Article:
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# Saturation vapour pressure

The saturation vapour pressure (SVP) contains an equation for calculating (SVP), which clearly shows that the only variable is temperature. According to the ideal gas law, because of the gases are composed of molecules that have a mass, exert a pressure that can be measured. From our knowledge about gas exerting pressure, the mass of air around us is called atmospheric pressure and usually reported in weather forecasts in millibar (mbar). The traditional type aneroid barometer that you see hanging on walls uses this pressure to push on a diaphragm that is connected to a mechanism to give a reading.

Now I will show you the equation form:

SVP=610.78EXP(TEMP/(TEMP+238.3)*17.2694

*you must always consider the temperature

To calculate SVP online you can use weather.gov

If you wanted to increase pressure on something you would push harder, or if you want to fatten a piece of paper you could put a weight on top. Weight is mass acted upon in gravity. The pressure or ‘weight’ of a gas can be thought of in the same way, the only difference being that gas pushes in all directions at the same time.

Because we have such a large difference between atmospheric pressure and water vapour at the saturation point means that only a small fraction of water is required to saturate air. When we think about this we find it fantastic; our plant in the right distance from the sun to allow liquid water to exist; water has properties that means only a small amount can be held in the atmosphere relative to the amount of air.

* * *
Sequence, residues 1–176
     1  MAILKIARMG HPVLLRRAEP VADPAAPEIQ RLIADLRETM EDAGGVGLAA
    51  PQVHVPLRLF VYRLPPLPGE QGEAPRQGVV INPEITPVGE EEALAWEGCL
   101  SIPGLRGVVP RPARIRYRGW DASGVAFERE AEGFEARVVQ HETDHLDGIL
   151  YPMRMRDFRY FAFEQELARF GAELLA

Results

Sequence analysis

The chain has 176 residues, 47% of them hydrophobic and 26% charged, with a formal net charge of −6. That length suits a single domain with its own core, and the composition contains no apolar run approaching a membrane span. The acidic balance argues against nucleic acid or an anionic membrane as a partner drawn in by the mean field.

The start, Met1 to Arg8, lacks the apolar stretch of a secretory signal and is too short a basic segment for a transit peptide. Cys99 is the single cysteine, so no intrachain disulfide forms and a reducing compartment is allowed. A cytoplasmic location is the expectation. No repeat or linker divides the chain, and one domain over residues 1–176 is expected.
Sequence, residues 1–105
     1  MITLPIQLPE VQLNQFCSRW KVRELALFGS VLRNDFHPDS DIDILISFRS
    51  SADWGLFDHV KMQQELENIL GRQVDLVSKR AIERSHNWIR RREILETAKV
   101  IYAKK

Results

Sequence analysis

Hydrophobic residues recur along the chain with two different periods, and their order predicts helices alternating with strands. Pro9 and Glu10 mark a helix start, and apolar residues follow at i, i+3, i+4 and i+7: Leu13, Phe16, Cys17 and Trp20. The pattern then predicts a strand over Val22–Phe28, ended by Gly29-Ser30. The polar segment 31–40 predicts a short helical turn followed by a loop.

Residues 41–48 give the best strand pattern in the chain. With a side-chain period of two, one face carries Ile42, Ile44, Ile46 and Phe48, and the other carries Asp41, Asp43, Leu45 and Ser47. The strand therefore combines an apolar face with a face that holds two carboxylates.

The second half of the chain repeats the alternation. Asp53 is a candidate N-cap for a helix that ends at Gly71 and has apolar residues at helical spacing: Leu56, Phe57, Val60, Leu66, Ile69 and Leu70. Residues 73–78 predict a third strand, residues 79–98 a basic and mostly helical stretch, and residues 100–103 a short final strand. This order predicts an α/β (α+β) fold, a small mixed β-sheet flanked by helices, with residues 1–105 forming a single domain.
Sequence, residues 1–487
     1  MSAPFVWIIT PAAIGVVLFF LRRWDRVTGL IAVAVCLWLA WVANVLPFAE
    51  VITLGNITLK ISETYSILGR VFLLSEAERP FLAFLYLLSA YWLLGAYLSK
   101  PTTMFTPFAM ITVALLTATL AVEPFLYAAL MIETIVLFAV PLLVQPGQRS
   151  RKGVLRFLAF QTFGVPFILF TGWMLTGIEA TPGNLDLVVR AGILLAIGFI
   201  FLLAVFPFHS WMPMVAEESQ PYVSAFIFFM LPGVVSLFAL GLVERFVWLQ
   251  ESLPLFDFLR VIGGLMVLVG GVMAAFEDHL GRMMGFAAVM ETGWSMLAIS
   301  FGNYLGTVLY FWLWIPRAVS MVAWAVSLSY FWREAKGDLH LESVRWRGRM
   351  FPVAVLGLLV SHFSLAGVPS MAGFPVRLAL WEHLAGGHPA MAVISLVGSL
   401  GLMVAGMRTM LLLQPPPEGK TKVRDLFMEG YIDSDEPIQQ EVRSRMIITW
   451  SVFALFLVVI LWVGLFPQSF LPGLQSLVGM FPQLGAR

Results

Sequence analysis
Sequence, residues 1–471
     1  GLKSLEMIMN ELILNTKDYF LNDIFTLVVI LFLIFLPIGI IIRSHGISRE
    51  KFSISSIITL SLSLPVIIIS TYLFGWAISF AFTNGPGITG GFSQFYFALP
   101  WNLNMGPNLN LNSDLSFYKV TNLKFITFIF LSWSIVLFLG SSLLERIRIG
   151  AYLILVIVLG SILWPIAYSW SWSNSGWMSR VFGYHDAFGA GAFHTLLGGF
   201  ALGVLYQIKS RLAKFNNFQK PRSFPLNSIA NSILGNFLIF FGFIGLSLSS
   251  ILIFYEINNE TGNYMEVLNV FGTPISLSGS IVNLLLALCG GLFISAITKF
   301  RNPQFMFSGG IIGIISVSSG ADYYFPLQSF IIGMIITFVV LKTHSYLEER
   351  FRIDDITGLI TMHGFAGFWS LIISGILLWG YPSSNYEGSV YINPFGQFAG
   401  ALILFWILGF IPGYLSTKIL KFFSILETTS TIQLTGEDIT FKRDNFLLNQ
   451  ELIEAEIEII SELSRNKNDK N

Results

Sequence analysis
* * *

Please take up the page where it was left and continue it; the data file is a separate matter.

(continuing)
The relationship of water and air drives our climate. Generally, on the global scale, the warm moist air above the sea at the equator moves towards the cooer poles, forms clouds that return the water by way of rain back to the sea. On a more local scale, evaporation from sea, lakes water is called “Hydrologic Cycle”.

Now you perhaps see a big consequence of global warming. As a temperature increases and pushes up the SVP, we are not short of water to supply the atmosphere and hence the warming in the media about climate change and to expert warmer, and more extreme weather. The sea will hold onto water more than fresh water because of the salt content.

Here is an equation that tells you everything:

VP: is the actual vapour pressure of water so relative humidity is the actual pressure of an amount of water relative to the pressure it would be at the saturation point.

Moving the terms around by simple algebra we can calculate the actual vapour pressure from knowing the temperature, which gives us the SVP and the relative humidity:

VP = SVP × %RH

Psychrometry

Before the days of digital technology and calculators, in order to work out what was happening in the saturation where moisture was involved, people had to be familiar with Psychrometry. This is not to be confused with the entirely different and modern practice of Psychrometry.

There are to aspects of psychrometry that we have to mention. One brings in tow new terms that you will come across if you look into humidity in any detail. The other aspect involves the science behind what happens when going from one climatic condition to another.

The wet bulb and dry bulb

The terms wet bulb and dry bulb comes from the original, and reportedly, the most accurate method of measuring humidity. Tow thermometers are using the device, called a psycrometer where they are fixed side by side. One of the thermometers has a thin piece of muslin wrapper around the bulb, which is wet with pure (distilled or deionized) water, hence, the term wet.

The psycrometer is waved in the air which cause the water on the wet bulb evaporate. The amount of water that leaves the wet bulb is directly related to the humidity of the air. At saturation, no water will evaporate from the wet bulb, whereas in dry air, water vapour eaves the wet bulb very quickly.

Just as water evaporating from our bodies coos us down, each water molecule leaving the wet bulb takes a little of heat with it and cools the bulb of thermometer. After waving the psycrometer around for about twenty seconds, the reading from each of the tow thermometers is recorded. The dry bulb is the actual air temperature can be used out the SVP. The wet but is used to calculate the SV. From these tow parameters the %RH is easily calculated as shown before.